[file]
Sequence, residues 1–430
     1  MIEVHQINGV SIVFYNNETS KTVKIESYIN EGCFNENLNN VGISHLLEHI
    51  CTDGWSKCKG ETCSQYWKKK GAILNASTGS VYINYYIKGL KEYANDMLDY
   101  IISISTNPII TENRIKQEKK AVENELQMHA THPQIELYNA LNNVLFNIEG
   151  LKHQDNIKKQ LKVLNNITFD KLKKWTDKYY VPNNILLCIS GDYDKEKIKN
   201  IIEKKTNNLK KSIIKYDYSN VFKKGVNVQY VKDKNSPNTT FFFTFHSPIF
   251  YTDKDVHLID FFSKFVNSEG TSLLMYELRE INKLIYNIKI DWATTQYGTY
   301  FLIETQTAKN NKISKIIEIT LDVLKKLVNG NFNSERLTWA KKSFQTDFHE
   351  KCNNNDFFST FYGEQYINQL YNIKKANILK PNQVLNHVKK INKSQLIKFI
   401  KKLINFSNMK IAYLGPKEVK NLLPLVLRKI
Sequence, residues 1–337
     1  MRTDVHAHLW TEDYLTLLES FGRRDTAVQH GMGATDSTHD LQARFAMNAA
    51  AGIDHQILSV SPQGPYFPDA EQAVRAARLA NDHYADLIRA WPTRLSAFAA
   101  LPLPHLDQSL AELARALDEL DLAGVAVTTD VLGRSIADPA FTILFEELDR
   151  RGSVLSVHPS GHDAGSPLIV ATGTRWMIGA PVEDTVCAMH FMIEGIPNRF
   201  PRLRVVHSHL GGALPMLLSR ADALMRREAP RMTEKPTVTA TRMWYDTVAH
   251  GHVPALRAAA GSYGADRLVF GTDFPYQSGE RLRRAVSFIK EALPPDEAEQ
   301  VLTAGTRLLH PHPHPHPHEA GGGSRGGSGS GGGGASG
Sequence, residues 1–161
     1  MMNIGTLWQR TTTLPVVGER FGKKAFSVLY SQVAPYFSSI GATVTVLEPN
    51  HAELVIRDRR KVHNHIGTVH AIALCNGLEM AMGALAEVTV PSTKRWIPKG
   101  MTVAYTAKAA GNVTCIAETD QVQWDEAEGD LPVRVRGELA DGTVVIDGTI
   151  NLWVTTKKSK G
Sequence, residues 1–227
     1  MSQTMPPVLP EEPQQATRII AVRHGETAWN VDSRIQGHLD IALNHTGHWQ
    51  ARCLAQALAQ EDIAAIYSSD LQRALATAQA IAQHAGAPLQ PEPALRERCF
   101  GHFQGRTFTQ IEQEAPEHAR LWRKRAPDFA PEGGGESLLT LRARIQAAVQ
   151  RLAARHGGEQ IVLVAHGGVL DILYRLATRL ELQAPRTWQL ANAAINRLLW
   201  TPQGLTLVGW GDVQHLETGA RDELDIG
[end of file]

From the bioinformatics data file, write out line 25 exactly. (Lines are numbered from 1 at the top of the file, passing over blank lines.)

     1  MSQTMPPVLP EEPQQATRII AVRHGETAWN VDSRIQGHLD IALNHTGHWQ